During that period of intense logging activity before the basin was flooded, Kbal Romeas residents bought bottles of gasoline and threatened to burn an excavator that was brought in by one of the land-clearing companies, Lanj says. The community had realized the company was cutting trees outside the basin’s perimeters, she says.
“In 2015 and 2016, they lied to us. Their boss ordered them to clear the basin, to cut down the trees and the forest in order to clear the trash when the dam barrier closed. They lied to us,” she says. “We said we won’t allow it. We won’t move out at all. Why do [they] want us to live under the sunlight? We’ve been living under the shield of forest.”
Bunhieng, the director of CIPO, says Kbal Romeas and other Bunong villages surrounding the Srepok and Sesan rivers have a history of conflicts with corporations dating back to 2005, when economic land concessions were granted on indigenous land with few attempts to consult community members.
When a company encroaches indigenous land, communities like Kbal Romeas don’t see the move as economic development or a future source of employment, explains Bunhieng, who’s also indigenous Kui. They see it as a threat to their way of life and generations-old traditions.
“They say the company will hire these people to work, but they don’t like to work for them, they like to work for themselves,” he says. “I talk to [different indigenous groups] and they say that when I’m old, they will not hire me, [nor] when I’m sick, but with my land, when I’m sick and old I can still do a lot with it.”
Bunhieng feels the nation’s sub-decree on indigenous land registration did not adequately reflect communities’ real uses or needs for land. However, communities have rights under international law, he says, citing the U.N. Declaration on the Rights of Indigenous People’s provision against forced removal of indigenous communities from their land.
To Lanj, the companies could have solved this latest conflict — as well as the many past conflicts — if government and company officials made a stronger effort to negotiate and reach an agreement with Kbal Romeas residents. But for now they are planning to react based on what the company does.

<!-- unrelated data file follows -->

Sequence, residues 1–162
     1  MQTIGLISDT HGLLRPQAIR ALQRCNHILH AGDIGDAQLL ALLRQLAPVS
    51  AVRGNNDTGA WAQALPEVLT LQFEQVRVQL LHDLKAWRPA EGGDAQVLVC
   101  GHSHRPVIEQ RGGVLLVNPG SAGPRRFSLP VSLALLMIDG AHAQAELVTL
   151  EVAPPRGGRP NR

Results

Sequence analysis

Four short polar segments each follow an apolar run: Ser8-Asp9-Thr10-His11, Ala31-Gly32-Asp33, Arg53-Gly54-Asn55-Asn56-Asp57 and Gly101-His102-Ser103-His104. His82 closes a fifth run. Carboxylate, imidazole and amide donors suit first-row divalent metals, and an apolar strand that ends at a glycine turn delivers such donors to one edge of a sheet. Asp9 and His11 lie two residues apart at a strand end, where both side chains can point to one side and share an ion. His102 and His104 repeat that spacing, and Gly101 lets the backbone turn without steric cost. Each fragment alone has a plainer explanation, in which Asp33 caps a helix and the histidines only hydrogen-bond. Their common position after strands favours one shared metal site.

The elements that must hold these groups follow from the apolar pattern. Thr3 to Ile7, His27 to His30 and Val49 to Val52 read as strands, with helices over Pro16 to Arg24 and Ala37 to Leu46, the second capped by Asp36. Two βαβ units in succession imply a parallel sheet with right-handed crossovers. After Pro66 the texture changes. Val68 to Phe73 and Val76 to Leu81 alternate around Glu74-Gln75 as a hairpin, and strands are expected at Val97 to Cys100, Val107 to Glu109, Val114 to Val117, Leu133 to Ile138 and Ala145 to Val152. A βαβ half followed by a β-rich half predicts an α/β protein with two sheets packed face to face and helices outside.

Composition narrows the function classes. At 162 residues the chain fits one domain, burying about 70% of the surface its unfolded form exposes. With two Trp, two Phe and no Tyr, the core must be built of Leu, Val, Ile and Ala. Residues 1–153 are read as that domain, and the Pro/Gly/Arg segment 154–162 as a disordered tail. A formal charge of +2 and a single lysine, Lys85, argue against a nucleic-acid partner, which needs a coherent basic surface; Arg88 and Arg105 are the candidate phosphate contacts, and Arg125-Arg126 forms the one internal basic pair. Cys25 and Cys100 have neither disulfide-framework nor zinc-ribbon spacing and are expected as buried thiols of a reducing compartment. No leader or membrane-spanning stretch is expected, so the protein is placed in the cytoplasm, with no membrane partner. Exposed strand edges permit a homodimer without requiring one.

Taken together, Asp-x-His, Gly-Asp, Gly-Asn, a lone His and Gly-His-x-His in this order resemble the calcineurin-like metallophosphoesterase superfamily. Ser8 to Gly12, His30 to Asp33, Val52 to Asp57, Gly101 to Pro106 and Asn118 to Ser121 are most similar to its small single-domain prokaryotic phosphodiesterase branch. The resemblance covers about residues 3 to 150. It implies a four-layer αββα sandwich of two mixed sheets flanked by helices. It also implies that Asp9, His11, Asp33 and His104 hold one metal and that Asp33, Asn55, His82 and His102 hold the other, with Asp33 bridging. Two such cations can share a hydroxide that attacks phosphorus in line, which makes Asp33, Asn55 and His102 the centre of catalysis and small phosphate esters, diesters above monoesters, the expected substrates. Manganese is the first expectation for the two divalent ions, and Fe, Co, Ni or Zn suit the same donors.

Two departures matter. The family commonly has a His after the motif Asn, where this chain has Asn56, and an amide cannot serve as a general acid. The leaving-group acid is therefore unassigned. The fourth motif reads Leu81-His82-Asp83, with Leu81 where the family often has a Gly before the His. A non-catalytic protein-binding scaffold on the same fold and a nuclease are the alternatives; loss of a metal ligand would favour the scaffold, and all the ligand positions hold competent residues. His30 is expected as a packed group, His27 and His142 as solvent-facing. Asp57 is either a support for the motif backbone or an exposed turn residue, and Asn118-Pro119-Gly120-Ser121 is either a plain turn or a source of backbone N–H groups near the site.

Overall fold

She says she recently received a call from the former village chief of the original Kbal Romeas, who has resumed his role as village chief in New Kbal Romeas. He said that he and other authorities would soon visit to talk about the future of the land, and villagers could leave if they wanted and officials would disassemble houses for anyone who could not do it on their own.
Lanj says she doesn’t know when this will happen, and she has canceled her personal plans to travel outside the village, so that she and the committee can stand up to any threat to take their land. By mid-November, no one had come to talk to the villagers, so she feels the authorities just want to frighten them into moving on their own.
“These days, we’re concerned we can’t defeat them. They are powerful. My community and I are powerless. They put pressure on us to accept [a deal], and it’s like they are compelling us to give our land to them.”
If the government or Siv Guek were to aggressively reclaim the land, the community will be forced to fight back with what they have, Lanj says.
“We don’t have weapons, but if they’re aggressive to us, fire will be my only weapon,” she says.
Bak, the 49-year-old resident who spoke of bottles of gasoline, says the Bunong community is determined to remain because losing their land is a threat to their history, culture and entire existences.
“The culture is bigger than everything,” she says.
“We won’t let others come to tear down our houses and take the land. Even if [the villagers] die, they won’t leave their territory — the old village. They won’t go anywhere.”